Emerging from the furore that plagued the industry’s peak body this year, Printing Industries Association of Australia’s new chief executive Andrew Macaulay has stepped up to the plate with a passion for print and a full trust in the power of resilience.
Arriving at the PIAA with a rich past in manufacturing and technology, and experience in turning an industry association around, it is clear to see why the Board believes Macaulay is the right man for the job.
Macaulay kicked off his tenure with PIAA on the coat tails of a heated few months at the association, which saw an exodus of key staff and Board members, and considerable member uproar. The new CEO was quickly headhunted after his predecessor Jason Allen resigned, and was pegged as the man who could pick up the pieces in an industry that craves direction and service.
“When I got the call from Printing Industries, they said, ‘you have a very interesting mix of experience that we need,’” recalls Macaulay.
Printers demanding a PIAA leader with print a background and political lobbying will be pleased to find out Macaulay has practical experience with both. His resume boasts many parallels with the printing industry, including working with one of the world’s largest printing companies, Oberthur in France, and leading the membership of the NSW Farmers Association through major political lobbying.
“I essentially see the association needs three main legs – IR services, lobbying and industry promotion. We are rebuilding the lobbying side of the PIAA. We are forming member consultative committees to help us prioritise where we lobby, and I have a strong background in political lobbying so we are seriously connected in that way,” he says.
The new CEO has already pinpointed the industry’s weaknesses, and is determined to explore how printing can be promoted not only internally but to the world’s most powerful communication channels.
“I knew the printing industry was big when I first took on this role, but I did not understand the complexity of it. That is the biggest opportunity for the print sector – to promote itself,” says Macaulay.
“We are good at discussing internally about what we do, but one of the things I want to do with Printing Industries is turn that message outwards to our politicians and mainstream media and say ‘value the massive contribution print makes to the economy’. Just to start with it is the largest employer in Australia’s manufacturing sector.”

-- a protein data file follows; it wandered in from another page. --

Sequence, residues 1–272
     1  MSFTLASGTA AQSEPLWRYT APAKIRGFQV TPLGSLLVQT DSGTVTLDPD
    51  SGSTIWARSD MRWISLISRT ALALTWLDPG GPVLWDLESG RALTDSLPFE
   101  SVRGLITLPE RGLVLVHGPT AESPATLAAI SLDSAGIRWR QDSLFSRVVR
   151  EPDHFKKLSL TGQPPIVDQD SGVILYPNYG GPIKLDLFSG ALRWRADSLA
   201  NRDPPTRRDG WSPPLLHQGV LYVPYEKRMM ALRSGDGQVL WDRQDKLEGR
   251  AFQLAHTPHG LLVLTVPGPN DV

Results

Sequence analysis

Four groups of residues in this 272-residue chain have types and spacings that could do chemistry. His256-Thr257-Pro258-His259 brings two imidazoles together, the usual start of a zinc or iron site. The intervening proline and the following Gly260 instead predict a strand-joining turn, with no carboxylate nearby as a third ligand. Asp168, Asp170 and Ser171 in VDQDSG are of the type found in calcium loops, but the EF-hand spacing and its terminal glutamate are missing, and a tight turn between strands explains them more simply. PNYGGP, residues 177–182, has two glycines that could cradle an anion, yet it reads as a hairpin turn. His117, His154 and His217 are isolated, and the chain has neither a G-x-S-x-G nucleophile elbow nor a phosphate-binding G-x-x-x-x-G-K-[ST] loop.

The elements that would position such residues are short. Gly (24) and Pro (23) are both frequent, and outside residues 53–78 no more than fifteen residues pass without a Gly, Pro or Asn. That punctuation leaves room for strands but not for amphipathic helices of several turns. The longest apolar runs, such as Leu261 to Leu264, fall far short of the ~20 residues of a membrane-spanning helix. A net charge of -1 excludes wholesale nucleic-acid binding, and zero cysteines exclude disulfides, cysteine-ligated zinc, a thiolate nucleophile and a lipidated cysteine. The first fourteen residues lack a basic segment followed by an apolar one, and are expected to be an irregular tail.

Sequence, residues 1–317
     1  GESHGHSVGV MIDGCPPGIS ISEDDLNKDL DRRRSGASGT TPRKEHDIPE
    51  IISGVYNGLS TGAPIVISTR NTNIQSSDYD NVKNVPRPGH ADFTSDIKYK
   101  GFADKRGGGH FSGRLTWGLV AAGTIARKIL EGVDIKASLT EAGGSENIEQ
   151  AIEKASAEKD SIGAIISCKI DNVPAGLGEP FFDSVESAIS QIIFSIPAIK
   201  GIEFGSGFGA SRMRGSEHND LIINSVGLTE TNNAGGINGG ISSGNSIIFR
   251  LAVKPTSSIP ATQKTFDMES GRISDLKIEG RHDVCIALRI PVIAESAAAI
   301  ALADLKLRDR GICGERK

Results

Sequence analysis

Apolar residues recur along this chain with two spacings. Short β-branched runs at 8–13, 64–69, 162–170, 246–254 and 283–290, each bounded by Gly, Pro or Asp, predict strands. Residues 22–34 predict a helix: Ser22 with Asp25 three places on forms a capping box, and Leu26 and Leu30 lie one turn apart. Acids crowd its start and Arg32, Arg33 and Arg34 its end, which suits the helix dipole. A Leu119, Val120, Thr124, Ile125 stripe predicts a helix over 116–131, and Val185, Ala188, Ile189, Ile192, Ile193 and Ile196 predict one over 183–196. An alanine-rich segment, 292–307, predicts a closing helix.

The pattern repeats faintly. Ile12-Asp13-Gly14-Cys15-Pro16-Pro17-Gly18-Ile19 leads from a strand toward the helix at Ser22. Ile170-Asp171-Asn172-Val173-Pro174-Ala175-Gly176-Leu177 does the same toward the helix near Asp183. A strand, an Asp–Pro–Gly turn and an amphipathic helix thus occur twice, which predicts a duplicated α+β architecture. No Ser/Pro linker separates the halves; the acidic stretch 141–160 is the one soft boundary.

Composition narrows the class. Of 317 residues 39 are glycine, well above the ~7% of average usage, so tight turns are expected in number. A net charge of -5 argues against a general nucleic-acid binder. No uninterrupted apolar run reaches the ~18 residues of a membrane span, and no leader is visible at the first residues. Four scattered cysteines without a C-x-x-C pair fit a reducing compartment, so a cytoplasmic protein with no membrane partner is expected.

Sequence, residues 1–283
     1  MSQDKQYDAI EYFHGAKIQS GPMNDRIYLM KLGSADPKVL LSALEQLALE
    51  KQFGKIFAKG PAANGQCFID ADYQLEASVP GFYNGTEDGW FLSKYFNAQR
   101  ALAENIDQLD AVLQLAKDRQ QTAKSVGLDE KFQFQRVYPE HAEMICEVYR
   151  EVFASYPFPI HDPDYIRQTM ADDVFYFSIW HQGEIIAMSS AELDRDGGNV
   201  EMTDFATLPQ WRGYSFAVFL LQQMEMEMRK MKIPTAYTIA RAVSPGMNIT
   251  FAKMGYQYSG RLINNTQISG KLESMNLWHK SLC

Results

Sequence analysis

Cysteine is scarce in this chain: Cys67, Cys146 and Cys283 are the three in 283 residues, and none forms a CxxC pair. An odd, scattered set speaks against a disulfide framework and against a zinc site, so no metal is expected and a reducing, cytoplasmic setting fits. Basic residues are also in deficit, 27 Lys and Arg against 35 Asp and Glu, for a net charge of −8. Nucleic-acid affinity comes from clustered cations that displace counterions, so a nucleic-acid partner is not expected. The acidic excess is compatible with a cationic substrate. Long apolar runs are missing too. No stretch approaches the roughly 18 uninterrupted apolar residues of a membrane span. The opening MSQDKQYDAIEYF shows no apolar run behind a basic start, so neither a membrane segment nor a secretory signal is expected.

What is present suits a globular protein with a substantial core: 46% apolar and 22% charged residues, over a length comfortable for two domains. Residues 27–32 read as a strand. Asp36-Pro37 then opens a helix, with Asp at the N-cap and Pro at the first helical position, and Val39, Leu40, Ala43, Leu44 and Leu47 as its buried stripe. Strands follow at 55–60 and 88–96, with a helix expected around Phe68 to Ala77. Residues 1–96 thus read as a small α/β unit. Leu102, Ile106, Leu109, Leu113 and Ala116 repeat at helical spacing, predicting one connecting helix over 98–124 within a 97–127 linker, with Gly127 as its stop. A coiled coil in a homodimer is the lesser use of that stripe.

“We are a significant employer, we train and promote staff in clear career paths, and our politicians and legislators need to know this. Even the smallest printer has hundreds of thousands of dollars worth of high tech equipment, is a technology innovator, and an employer who is embracing change. Our large printers employ hundreds of people, invest millions of dollars, and are constantly re-inventing themselves. The flow on effect for the economy is enormous.”
Macaulay is open about the specifics of his turnaround plans for the PIAA. A major issue the industry had with past team was the lack of communication and member interaction, but the new boss is already on the case. He is forming member consultative committees to ensure the members voice is heard in planning.
“After all of the furore that the organisation went through last year, I wasn’t quite sure what I was going to come face to face with,” he says.
“I set out with a deliberate intent to meet every single member, to get out on the field and meet printers. I haven’t yet met them all but I’ll get there, I have been to meetings onsite in NSW, Western Australia, South Australia, Victoria, Tasmania and Queensland.”
“It is important that members know it is their association, and know we are listening to them, and I need to know who they are too,” he adds.
Macaulay has already proved he isn’t just a toothless tiger manning the helm of the PIAA. Upon assuming the role, he observed the association’s biggest opportunities and set out to fulfil them, including the removal of ‘sales’ from the association’s agenda. “All of the PIAA field staff had titles such as sales manager, and I thought, we are a member and services organisation, so why are we talking about sales?” says Macaulay.
“We need to be communicating not selling, so on week one I changed their titles and focus to member services which is more symbolic of what we are doing.”
One of the biggest problems printers face is the erratic nature of print in an online digital world. Holding a leadership role in the print industry’s peak association means Macaulay needs to foster a sense of solidarity and empowerment for a turbulent trade.
“I am so excited by the industry, and I am fascinated by what printers do. It is absolutely not all going to do digital, because people need and always will need the printed piece, whether in marketing, packaging or communication.” he says.
“This isn’t about not embracing technology, it is the exact opposite – yes there is a lot more digital marketing out there, but electronic media simply doesn’t work without the printed piece.”
“There will always be printing, and I’m not going out on a limb to say this, I well and truly believe it.”
Despite Macaulay’s conviction in the industry, he says there is still a lot of work to be done to uplift those that are struggling, and unite printers big and small.
“There has never been a more exciting time to be a printer in Australia. Obviously right now there are still structural issues, and there are issues with industry consolidation. There are some printers really struggling and some are thriving, and it is the job of Print Industries to help the industry through it.”
Comment below to have your say on this story.
If you have a news story or tip-off, get in touch at [email protected]
Sign up to the Sprinter newsletter